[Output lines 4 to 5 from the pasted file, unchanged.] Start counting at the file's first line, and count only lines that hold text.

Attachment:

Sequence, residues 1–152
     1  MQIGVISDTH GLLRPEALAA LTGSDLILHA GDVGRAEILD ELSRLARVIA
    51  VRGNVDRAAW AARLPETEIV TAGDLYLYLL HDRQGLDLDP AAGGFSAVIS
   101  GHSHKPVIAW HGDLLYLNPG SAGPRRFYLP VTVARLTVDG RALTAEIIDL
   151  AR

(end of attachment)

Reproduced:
   101  GHSHKPVIAW HGDLLYLNPG SAGPRRFYLP VTVARLTVDG RALTAEIIDL
   151  AR